Knowing your carbon footprint is important because it allows companies and organizations to assess and reduce their climate impact. By identifying the areas where most greenhouse gas emissions are released, measures can be taken to reduce CO2 emissions and achieve savings. The balance sheet also provides the basis for setting well-founded reduction targets and is therefore an essential element of sustainability management; and carbon footprint also has economic significance, as companies can sustainably reduce their operating costs by targeted energy and resource savings. Furthermore, a negative carbon footprint can enhance a company’s reputation and gain the trust of consumers who are increasingly conscious of sustainable products and services.
How is the Carbon Footprint Calculated?
To calculate a company’s carbon footprint, various factors must be taken into account. The calculation must capture all emission sources responsible for greenhouse gas emissions. These emissions are categorized into three scopes. Scope 1 covers all direct emissions from company-owned sources such as company vehicles or air conditioning. Scope 2 includes all indirect emissions resulting from the generation of purchased energy. Scope 3 encompasses all other indirect emissions caused by the company’s activities, such as business travel or supplier production.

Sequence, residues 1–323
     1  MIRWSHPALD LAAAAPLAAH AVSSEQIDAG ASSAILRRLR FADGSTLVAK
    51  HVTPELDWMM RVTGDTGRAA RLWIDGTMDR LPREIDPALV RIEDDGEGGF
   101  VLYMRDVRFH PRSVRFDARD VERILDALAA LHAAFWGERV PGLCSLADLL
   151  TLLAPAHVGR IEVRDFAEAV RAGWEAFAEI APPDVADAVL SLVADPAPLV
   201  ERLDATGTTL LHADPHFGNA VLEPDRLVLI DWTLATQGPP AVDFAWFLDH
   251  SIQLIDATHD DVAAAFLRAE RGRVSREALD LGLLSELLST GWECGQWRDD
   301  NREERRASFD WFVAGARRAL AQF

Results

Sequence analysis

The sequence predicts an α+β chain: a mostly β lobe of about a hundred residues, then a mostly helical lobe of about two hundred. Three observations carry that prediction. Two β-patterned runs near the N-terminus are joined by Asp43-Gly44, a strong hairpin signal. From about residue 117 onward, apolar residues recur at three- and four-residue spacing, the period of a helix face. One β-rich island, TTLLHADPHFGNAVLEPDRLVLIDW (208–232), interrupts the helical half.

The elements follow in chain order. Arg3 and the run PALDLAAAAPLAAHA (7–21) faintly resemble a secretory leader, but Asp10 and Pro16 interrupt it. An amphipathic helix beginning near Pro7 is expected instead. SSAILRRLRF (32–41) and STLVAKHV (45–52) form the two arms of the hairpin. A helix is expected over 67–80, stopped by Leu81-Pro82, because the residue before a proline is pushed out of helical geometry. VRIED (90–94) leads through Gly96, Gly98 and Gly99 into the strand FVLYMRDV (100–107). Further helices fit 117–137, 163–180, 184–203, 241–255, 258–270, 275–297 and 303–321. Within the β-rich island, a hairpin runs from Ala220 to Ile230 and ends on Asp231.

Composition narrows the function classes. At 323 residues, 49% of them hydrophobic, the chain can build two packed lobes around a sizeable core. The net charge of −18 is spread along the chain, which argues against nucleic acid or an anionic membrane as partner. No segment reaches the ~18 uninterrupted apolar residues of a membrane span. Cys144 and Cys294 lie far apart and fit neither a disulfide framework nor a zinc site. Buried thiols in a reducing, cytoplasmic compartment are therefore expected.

How is the Carbon Footprint Measured?
To measure the carbon footprint, emission sources must be captured and quantified. Activity data, such as electricity consumption or the number of kilometers driven, is converted into CO2 equivalents. This conversion is made using emission factors that take into account the climate impact of different greenhouse gases.